Fescue is a cool season grass that remains green during
the winter. Although it grows best in moist environments,
tall fescue has fairly good drought tolerance if not
mowed too low during the warm season (no less than 4
inches in height). Tall fescue is adapted to a wide
range of soils, but does best on clay soils high in
organic matter. Tall fescue is well adapted to the "transition
zone" of the United States where summers are too
hot and humid for most other cool season grasses and
winters too cold for warm season grasses.
performs best in the South with some afternoon shade,
however will remain healthy in appearance during summer
under irrigated conditions. Although its wear tolerance
is considered good for cool season grasses, it is not
nearly as wear tolerant as bermudagrass.
Types of Fescue
compose a large genus of about 100 species of grasses.
Kentucky 31 is a deep rooted, cool season perennial
grass best grown for pastures. The plant produces vigorous
growth in the spring and fall and its extensive root
system helps it withstand drought conditions when maintained
above 6 inches in height.
'Turf-type' Tall Fescues are finding
widespread acceptance as lawn grasses in the transition
zone, and, in the southern region perform better in
more sun than Ky. 31. With proper management tall fescue
can survive in densely shaded sites that warm season
grasses cannot tolerate. The improved turf-type fescues
retain better color during the winter months and provide
a year-round green lawn.
Fescue is the newest generation of turf-type fescue.
This unique variety is self-repairing as it spreads
from underground rhizomes.
A well prepared
seedbed is essential for establishing tall fescue. The
site must be well-drained so attention should be given
to final grading of the site.
planting fescue in areas that receive afternoon shade.
and some annual grasses are particularly troublesome
in tall fescue turf. Steps should be taken prior to
planting to eliminate these undesirable grasses. Herbicides
containing glyphosphate, such as Roundup or Killzall,
can be used to eliminate bermudagrass prior to planting
is the optimum time to establish tall fescue from either
seed or sod. Spring plantings of tall fescue may be
successful, but the risk of losing immature plants to
summer heat and drought stress is greater.
be mowed at a height no less than 3 1/2 inches during
the warm season for best performance and drought tolerance.
Keep your mower blades sharp for neat appearance of
turf. During the peak growing season mow one time a
week, making sure not to remove more than 1/3 height
of foliage during a cutting.
tall fescue tolerates low fertility, it responds to
fertilization, particularly nitrogen. Fertilize in early
spring with a slow-release, high nitrogen fertilzer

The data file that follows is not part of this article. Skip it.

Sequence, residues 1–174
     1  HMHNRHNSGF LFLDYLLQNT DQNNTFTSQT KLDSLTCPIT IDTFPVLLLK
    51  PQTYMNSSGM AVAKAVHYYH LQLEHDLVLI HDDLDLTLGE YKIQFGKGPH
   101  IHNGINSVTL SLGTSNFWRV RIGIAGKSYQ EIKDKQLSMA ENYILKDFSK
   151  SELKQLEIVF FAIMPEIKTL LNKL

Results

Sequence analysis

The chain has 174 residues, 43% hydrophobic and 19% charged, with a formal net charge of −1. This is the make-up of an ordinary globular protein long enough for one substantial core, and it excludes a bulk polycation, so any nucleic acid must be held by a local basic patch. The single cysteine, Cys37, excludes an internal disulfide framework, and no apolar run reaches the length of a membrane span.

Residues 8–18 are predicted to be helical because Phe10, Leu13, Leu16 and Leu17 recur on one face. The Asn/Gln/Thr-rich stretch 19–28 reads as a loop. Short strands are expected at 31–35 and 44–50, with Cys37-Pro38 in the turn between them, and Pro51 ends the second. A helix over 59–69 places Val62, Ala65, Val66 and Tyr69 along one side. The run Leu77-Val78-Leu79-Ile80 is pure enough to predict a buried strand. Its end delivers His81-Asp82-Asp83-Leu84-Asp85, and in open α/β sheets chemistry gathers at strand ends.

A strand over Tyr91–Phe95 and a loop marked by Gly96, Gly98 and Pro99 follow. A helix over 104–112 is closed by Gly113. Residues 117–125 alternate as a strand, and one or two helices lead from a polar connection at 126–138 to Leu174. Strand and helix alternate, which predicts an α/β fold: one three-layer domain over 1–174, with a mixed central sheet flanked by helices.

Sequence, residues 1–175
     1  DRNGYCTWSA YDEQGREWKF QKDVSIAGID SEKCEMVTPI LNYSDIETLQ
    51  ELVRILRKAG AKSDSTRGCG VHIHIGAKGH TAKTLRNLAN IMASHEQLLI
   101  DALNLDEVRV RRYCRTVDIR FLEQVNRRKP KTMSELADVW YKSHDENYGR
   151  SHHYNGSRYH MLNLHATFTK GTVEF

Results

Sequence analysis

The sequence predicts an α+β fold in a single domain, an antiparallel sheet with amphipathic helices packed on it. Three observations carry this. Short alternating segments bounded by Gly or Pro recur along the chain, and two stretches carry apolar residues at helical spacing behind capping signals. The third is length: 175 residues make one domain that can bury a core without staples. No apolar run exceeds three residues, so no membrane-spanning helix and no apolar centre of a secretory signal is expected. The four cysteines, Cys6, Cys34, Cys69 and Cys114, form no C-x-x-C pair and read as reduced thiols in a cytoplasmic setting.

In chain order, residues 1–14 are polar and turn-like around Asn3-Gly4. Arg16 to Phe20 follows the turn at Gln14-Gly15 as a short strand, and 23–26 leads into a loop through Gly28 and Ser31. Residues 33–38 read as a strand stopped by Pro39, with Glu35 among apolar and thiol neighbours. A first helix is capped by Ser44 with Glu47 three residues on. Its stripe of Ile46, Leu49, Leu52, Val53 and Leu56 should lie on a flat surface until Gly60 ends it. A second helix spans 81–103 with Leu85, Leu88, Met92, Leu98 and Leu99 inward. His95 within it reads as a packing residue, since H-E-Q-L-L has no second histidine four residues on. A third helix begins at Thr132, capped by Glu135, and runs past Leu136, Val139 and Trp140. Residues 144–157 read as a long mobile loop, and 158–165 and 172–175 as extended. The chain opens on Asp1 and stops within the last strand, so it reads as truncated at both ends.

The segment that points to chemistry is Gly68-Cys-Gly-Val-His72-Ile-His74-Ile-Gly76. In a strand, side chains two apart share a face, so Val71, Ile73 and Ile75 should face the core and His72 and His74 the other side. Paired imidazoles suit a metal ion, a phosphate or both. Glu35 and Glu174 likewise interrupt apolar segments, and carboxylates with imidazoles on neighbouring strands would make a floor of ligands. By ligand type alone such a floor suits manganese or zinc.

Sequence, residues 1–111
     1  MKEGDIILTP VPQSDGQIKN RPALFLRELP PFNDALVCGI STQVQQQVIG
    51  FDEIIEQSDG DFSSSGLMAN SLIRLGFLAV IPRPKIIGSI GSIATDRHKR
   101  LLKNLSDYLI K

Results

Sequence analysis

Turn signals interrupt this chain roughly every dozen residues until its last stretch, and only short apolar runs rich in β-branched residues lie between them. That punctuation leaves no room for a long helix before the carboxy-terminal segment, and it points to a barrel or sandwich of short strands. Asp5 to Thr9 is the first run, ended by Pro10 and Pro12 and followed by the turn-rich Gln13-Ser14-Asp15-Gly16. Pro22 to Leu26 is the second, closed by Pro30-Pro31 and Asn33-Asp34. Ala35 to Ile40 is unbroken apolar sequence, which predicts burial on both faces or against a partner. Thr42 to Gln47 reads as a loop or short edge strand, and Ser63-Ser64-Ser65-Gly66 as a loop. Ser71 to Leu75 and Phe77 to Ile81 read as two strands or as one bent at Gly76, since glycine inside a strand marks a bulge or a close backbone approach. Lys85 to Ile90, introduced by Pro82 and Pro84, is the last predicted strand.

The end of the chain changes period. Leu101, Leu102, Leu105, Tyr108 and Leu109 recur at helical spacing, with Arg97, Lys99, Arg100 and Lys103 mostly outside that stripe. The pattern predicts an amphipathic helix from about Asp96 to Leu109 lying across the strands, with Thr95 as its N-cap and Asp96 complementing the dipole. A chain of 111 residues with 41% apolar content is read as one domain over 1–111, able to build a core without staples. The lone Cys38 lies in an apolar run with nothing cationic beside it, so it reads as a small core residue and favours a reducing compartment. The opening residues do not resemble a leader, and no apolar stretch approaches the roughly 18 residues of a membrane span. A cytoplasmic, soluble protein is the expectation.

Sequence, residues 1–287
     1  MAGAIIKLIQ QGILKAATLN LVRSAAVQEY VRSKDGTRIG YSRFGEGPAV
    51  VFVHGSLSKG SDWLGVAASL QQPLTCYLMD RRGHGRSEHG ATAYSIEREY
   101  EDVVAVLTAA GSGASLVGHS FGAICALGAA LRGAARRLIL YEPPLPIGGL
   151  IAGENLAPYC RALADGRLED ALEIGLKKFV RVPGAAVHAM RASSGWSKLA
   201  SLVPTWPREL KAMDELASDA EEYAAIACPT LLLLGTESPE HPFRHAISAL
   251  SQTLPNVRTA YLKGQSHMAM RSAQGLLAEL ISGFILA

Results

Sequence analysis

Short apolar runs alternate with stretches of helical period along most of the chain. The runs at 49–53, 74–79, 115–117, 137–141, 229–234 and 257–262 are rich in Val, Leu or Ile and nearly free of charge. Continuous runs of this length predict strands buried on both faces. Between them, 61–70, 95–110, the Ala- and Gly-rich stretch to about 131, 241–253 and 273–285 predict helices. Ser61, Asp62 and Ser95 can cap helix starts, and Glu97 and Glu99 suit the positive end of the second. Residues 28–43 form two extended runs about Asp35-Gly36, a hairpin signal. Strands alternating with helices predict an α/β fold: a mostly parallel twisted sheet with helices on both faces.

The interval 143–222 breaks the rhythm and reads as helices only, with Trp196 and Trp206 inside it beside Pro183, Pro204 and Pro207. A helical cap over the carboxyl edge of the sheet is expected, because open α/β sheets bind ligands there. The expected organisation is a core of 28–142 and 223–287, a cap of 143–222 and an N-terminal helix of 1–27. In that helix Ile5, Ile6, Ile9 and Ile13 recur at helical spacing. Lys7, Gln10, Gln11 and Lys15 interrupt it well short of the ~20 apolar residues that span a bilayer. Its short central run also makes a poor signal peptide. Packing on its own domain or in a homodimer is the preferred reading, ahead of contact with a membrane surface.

such as 27-4-6. Fertilize again in mid-spring with 16-4-8
or a lawn fertilizer with similar numbers. Apply 27-4-6
again in fall.
a wide range in soil reaction, but performs best between
pH 6.5 and 8.0. At pH levels below 6.5 limestone should
be added according to soil test recommendations. To
determine whether or not you need to apply lime to the
lawn, test your soil, or have it tested for pH through
your local Extension Service. The Extension Service
will provide a detailed analysis of the soil samples
and give recommendations as to whether, or how much
lime need be applied to correct soil pH.
is very important to the survival of tall fescue. Do
not apply supplemental irrigation until the grass shows
signs of needing water (wilting or rolling leaves).
Then, apply enough water to wet the soil to a depth
of 3 to 4 inches. If runoff occurs before the soil is
moistened to a sufficient depth, turn the sprinkler
off and allow the water to percolate into the soil.
Then turn the sprinkler back on at a later time. Repeat
this cycle until the soil is sufficiently moistened.
Tall fescue requires frequent watering during summer
months when ther is not adequate rainfall, which is
considered by some to be one of the disadvantages to
growing tall fescue in the southern region.
is fairly tolerant to most turfgrass diseases. However,
brown patch can become a problem during rainy warm months.
Once the disease is properly identified, treat the lawn
with a fungicide.
fescue lawns become thin after hot, dry summer conditions.
Therefore, t's usually necessary to overseed fescue
lawns in the fall - sometime between mid-September and
mid-October. Start by mowing the lawn to a height of
2 inches before broadcasting seed. Rake the lawn to
remove grass clippings and other debris. Aerate with
a core aerator making two to three passes over the area
to be reseeded. Apply seed at 2 to 3 lbs. per 1,000
sq. ft and then broadcast a starter fertilizer. These
steps are usually adequate to rejuvenate the lawn. After
seeding, keep the soil moist for 2 to 3 weeks.